- Trafficking bust reveals worries over missing kids; minors as young as 11 found
- Catholic League slams Obama: ‘Do Christian lives mean so little to you?’
- National laboratory cancels ‘Southern Accent Reduction’ classes after outcry
- U.S. woman with Ebola is stable, improving, son says
- Belgium pushes for clear labeling of goods from Israeli settlements
- ‘Queen of Mean’ Leona Helmsley’s former home hits market for $65M
- Florida beach-goers told to beware flesh-eating bacteria in water
- Lundergan Grimes uses ‘war on women’ strategy to attack McConnell
- Rep. Jeff Miller: ‘Ain’t no leash for VA’
- Al Qaeda nets $125M from ransom payoffs from Europe since 2008
4 in 10 US homes are cellphone only, skip landline
Question of the Day
ATLANTA (AP) - More American households are ditching their old telephones: 4 out of 10 only use cellphones, a government survey shows.
That’s twice the rate from just five years ago, although the pace of dumping landlines seems to have slowed down in recent years.
The Centers for Disease Control and Prevention has been tracking phone use for a decade, and the number of households only using cellphones had been rising by about 5 percentage points each year. Lately, the increases have been smaller and last year it only went up 3 percentage points to 41 percent of U.S. homes.
Why the slight leveling off? Experts could only speculate. The lead researcher on the CDC report, Stephen Blumberg, said it could be people are holding onto their landlines because it is part of their Internet and cable TV package. Or it could mean that we’re hitting a ceiling for those people willing to completely abandon landlines, said John Palmer, a researcher at the Autonomous University in Barcelona, Spain, who was not involved in the report.
Some non-experts were surprised to hear that the change has slowed down a bit.
“We switched to only cellphones three years ago. The only time we would get calls on the landline was from telemarketers,” said Justin Hodowanic, an 18-year-old college freshman from Atlanta.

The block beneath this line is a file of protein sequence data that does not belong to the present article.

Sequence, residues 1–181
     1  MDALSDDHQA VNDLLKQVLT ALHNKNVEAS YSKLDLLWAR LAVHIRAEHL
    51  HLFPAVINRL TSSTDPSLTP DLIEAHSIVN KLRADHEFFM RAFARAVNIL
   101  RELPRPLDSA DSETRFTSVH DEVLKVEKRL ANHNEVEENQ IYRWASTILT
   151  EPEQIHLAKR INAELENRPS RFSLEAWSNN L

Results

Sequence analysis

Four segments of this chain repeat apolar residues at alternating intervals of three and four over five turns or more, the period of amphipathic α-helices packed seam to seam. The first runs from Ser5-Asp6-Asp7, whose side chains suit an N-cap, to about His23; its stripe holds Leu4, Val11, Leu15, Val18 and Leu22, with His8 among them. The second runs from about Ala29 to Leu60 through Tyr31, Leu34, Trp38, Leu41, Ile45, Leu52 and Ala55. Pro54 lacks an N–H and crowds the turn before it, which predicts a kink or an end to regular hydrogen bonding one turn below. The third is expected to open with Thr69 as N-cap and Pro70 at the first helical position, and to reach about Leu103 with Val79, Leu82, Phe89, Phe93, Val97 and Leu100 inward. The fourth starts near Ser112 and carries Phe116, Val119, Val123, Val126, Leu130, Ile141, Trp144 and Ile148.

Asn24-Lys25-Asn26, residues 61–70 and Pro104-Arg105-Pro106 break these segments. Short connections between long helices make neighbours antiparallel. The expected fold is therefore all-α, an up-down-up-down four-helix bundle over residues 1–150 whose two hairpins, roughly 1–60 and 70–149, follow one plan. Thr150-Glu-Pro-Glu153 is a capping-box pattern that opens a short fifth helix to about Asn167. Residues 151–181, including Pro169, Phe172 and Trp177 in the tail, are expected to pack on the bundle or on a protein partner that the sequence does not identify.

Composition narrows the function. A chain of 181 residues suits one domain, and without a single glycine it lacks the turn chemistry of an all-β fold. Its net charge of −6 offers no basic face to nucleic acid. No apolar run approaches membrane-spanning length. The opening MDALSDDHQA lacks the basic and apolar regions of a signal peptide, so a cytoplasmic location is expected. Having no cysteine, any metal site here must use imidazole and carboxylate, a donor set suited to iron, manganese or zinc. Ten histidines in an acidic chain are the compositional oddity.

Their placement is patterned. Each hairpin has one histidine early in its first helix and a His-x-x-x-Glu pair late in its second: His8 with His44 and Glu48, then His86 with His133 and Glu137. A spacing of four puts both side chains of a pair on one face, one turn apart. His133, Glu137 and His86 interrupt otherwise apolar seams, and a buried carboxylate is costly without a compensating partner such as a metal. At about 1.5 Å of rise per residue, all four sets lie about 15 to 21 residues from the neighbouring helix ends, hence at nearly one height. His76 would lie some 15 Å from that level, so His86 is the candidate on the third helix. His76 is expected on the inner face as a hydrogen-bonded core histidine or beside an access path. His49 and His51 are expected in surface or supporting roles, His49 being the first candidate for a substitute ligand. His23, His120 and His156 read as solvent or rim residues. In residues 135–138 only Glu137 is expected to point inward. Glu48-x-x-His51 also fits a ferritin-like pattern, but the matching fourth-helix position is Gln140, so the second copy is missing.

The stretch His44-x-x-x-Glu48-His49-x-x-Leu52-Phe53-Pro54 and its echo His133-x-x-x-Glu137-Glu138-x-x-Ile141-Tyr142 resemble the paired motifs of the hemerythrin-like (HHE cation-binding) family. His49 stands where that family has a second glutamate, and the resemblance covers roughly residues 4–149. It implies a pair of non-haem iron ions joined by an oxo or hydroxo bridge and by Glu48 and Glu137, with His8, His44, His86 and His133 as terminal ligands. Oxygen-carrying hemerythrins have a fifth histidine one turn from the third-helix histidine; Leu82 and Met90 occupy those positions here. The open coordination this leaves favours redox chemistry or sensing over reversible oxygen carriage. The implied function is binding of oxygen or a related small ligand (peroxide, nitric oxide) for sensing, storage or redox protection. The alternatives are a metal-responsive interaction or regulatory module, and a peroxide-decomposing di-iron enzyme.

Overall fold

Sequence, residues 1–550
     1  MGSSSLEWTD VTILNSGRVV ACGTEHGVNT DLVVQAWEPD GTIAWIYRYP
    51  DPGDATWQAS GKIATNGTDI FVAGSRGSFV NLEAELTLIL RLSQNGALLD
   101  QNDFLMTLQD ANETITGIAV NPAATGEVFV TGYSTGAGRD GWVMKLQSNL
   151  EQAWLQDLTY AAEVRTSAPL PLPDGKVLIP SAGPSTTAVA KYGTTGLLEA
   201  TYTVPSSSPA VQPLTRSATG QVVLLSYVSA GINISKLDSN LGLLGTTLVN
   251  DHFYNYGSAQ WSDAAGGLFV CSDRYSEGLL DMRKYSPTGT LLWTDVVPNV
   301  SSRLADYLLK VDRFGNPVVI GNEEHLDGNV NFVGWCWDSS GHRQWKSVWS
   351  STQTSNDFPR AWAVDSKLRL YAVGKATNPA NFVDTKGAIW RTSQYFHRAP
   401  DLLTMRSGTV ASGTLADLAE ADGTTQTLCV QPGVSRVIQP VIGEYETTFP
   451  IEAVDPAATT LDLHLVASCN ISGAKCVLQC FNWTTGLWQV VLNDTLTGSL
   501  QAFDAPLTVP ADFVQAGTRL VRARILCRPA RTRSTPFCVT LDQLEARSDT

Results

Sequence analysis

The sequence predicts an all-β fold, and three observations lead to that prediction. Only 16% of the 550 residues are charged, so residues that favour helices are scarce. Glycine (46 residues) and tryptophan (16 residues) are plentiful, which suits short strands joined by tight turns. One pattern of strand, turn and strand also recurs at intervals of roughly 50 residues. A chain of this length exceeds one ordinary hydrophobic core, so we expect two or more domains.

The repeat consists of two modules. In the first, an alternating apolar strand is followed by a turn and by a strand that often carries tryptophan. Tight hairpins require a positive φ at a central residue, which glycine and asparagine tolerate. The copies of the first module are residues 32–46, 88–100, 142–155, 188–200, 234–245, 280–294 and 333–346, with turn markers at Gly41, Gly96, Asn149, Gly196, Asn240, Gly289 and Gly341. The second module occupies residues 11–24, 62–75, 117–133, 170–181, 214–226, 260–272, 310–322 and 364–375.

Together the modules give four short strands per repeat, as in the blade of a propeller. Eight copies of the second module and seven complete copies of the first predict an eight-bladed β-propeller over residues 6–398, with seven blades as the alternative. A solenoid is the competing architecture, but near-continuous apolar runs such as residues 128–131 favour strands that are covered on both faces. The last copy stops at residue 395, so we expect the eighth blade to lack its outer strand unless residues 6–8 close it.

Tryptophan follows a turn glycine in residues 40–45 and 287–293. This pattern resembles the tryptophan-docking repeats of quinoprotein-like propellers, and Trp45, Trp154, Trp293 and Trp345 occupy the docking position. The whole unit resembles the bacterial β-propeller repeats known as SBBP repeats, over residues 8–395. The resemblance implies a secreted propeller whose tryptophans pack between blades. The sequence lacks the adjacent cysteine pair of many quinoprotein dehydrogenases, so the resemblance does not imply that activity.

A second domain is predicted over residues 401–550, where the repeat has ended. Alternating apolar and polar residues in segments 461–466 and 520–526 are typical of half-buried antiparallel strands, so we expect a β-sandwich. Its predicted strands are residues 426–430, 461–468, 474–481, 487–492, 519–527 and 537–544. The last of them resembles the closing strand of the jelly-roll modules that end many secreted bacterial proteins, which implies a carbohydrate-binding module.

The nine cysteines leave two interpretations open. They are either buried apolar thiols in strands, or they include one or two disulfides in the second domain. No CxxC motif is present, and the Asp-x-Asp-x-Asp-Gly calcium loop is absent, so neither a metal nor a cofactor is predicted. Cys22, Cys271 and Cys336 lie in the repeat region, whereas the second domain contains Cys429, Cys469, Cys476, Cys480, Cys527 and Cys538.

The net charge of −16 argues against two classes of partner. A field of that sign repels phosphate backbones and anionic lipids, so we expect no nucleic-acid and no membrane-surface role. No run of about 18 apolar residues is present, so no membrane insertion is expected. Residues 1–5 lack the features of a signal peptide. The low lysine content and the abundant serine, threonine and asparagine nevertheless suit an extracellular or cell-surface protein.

Dan Warhola, 34, said he had a landline at his Columbus, Ohio, home but only because his security system was tied into it years ago when he bought his house.
“I couldn’t even tell you what my (landline) phone number is,” said Warhola, standing at baggage claim at Atlanta’s Hartsfield-Jackson International Airport.
The CDC survey released Tuesday is based on in-person interviews in more than 21,000 homes during the last half of 2013. The researchers found:
- Not all homes have phones: About 3 percent have no landline or cellphone.
- About 9 percent have only landlines, and about 48 percent have both. Five years ago, 17 percent had only landlines, and about 60 percent had landlines and cellphones.
- Younger people rely more on cellphones: Nearly two-thirds of people in their late 20s live in households with only cellphones. Only 14 percent of people 65 and older use only cellphones.
- Men are a bit more likely to shun landlines than women.
- Poor adults are much more likely than higher-income people to have only cellphones.
- The Midwest is the most wireless region: About 44 percent live in cellphone-only homes. The South and West were nearly as high. In the Northeast, 25 percent live in cellphone-only households.
TWT Video Picks
- Patent workers paid to exercise, shop, do chores: report
- Boehner rules out impeachment: 'Scam started by Democrats'
- CARSON: Rudderless U.S. foreign policy
- Obama thanks Muslims for 'building the very fabric of our nation'
- Fla. mom arrested for allowing 7-year-old son to walk to park alone
- Smugglers, rainstorm combine to poke holes in border fence
- Obama mum on where illegal immigrant children are sheltered
- Federal judge grants 90-day stay in D.C. gun case
- Defense lawyer: McDonnell's wife had 'crush' on CEO
- CARSON: Costco and the perils of politicizing business
Obama's biggest White House 'fails'
Celebrities turned politicians
Athletes turned actors
20 gadgets that changed the world